Origins and History of the Passions of War


Those who attempt to conquer hatred by hatred are like warriors who take weapons to overcome others who bear arms. This does not end hatred, but gives it room to grow. But, ancient wisdom has advocated a different timeless strategy to overcome hatred. This eternal wisdom is to meet hatred with non-hatred. The method of trying to conquer hatred through hatred never succeeds in overcoming hatred. But, the method of overcoming hatred through non-hatred is eternally effective. That is why that method is described as eternal wisdom.

Siddhārtha Gautama 1997 Blood Rites: Origins and History of the Passions of War by Barbara Ehrenreich

In BLOOD RITES, Barbara Ehrenreich confronts the mystery of the human attraction to violence: What draws our species to war and even makes us see it as a kind of sacred undertaking? BLOOD RITES takes us on an original journey from the elaborate human sacrifices of the ancient world to the carnage and holocaust of twentieth-century “total war.” Sifting through the fragile records of prehistory, Ehrenreich discovers the wellspring of war in an unexpected place–not in a “killer instinct” unique to the males of our species but in the blood rites early humans performed to reenact their terrifying experience of predation by stronger carnivores. Brilliant in conception, rich in scope, Blood Rites is a monumental work that will transform our understanding of the greatest single threat to human life. 2020 Canadian Reader 4*
religion-spirituality, anthropology, history, war, nonfiction, social-science

This is a reissue of Ehrenreich’s stimulating 1997 book, in which the author synthesizes the work of anthropologists, historians, and evolutionary biologists (among others) to explore the religious feelings that war inspires in humans. She’s particularly interested in the question of “sacrifice,” which is not only central to many religious traditions but also invoked in descriptions of military service and the deaths of servicemen. Blood sacrifice—including human sacrifice, notes Ehrenreich, is a key theme in Jewish and Christian texts. In the Old Testament, along with the mention of the innumerable animals killed as offerings to God, we have the story of Abraham’s aborted sacrifice of his son Isaac; in the New Testament, the Christian deity sacrifices his son Jesus. Before war became “a widespread and massive enterprise,” humans likely approached the transcendent through socially sanctioned ritual killing. The transgressive nature of the ritual inspired awe.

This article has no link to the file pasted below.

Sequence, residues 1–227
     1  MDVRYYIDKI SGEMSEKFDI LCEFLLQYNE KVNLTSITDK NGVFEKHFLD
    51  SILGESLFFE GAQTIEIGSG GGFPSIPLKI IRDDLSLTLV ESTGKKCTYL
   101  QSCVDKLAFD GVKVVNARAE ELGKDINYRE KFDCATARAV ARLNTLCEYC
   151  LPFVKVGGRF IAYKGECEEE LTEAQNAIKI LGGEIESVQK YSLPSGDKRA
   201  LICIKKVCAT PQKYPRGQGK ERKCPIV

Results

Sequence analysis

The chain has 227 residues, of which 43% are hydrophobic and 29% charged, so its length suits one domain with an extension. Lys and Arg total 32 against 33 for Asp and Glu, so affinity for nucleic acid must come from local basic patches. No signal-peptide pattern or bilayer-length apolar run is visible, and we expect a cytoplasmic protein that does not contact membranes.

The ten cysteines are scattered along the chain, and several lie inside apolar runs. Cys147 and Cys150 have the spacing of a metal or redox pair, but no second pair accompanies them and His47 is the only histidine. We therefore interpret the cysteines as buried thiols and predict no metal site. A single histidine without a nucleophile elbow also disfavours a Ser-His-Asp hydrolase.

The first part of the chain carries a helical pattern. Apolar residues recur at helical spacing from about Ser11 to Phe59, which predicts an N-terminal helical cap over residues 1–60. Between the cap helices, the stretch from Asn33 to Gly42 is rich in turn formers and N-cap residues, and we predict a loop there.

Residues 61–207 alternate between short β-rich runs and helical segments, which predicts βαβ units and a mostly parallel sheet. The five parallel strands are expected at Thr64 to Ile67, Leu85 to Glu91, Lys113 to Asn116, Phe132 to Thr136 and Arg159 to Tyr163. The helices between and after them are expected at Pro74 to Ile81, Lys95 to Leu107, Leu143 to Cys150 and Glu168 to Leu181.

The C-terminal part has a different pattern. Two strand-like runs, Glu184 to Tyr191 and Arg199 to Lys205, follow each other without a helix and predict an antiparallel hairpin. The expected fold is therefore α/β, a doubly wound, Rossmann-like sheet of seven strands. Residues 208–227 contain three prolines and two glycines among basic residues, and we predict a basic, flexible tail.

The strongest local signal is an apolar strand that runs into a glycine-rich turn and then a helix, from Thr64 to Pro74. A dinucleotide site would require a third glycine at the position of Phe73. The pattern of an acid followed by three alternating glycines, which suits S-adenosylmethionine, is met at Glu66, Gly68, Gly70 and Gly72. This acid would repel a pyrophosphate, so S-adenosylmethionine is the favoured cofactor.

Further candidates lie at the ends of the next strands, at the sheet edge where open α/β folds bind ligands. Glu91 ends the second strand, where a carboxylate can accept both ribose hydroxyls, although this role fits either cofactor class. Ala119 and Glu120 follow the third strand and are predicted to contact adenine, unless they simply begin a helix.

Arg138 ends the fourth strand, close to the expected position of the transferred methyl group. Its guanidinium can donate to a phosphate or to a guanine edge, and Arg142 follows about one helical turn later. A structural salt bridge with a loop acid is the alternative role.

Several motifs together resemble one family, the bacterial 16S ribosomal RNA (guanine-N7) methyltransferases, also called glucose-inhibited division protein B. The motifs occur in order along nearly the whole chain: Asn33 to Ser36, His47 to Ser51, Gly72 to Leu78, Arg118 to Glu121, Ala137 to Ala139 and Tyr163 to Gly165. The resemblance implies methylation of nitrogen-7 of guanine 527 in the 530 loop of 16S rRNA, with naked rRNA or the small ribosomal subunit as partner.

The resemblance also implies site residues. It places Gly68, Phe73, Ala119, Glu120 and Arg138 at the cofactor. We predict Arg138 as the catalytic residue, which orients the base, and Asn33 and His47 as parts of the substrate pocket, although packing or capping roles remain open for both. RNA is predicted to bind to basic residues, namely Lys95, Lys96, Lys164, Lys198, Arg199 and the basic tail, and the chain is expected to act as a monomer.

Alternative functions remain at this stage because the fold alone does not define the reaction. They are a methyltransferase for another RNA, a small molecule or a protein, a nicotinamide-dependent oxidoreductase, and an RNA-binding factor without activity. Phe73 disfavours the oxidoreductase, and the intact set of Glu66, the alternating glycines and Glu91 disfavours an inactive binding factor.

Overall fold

War is often explained as a means for men to advance their collective interests: to gain resources and geopolitical advantage. Following Freud, others regard war as a product of deep aggressive instincts in humans. Ehrenreich points to the ways in which war, like religion, appeals to psychological needs: It releases people from emptiness, submerses them in great causes, and promises unified purpose and longed-for community—needs otherwise fulfilled by love, religion, intoxication, and art. Quoting French historian and social scientist Rene Girard, the author also notes that war and ritual sacrifice likely served a similar end: damping down disruptive, aggressive energy by redirecting it towards an external focus.

According to Ehrenreich’s account, the roots of both religion and war lie in early hominid vulnerability to and primal fear of predation by wild beasts. She suggests that two to three million years ago, when our African ancestors moved out of the forest and onto the savannah, they were threatened by large cats. Being hunted and eaten by lions and leopards was the original human trauma. However, early man developed a taste for meat and may well have had an “ambivalent relationship” with the beasts that killed but also provided for human scavengers.